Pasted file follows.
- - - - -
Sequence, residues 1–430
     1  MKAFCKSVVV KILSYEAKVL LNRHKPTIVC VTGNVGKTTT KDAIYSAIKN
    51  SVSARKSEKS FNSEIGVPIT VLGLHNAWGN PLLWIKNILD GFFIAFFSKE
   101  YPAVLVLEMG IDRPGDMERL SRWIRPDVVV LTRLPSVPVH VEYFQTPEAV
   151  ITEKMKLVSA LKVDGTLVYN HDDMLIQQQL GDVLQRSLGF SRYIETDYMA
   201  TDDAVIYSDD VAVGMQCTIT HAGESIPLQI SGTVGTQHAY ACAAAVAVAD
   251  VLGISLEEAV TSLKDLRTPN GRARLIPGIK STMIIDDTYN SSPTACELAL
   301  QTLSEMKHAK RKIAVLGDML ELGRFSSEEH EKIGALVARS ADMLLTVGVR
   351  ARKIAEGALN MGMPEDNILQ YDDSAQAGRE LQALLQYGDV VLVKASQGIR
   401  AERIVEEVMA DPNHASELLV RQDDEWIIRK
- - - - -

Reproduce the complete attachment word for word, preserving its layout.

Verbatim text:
Sequence, residues 1–430
     1  MKAFCKSVVV KILSYEAKVL LNRHKPTIVC VTGNVGKTTT KDAIYSAIKN
    51  SVSARKSEKS FNSEIGVPIT VLGLHNAWGN PLLWIKNILD GFFIAFFSKE
   101  YPAVLVLEMG IDRPGDMERL SRWIRPDVVV LTRLPSVPVH VEYFQTPEAV
   151  ITEKMKLVSA LKVDGTLVYN HDDMLIQQQL GDVLQRSLGF SRYIETDYMA
   201  TDDAVIYSDD VAVGMQCTIT HAGESIPLQI SGTVGTQHAY ACAAAVAVAD
   251  VLGISLEEAV TSLKDLRTPN GRARLIPGIK STMIIDDTYN SSPTACELAL
   301  QTLSEMKHAK RKIAVLGDML ELGRFSSEEH EKIGALVARS ADMLLTVGVR
   351  ARKIAEGALN MGMPEDNILQ YDDSAQAGRE LQALLQYGDV VLVKASQGIR
   401  AERIVEEVMA DPNHASELLV RQDDEWIIRK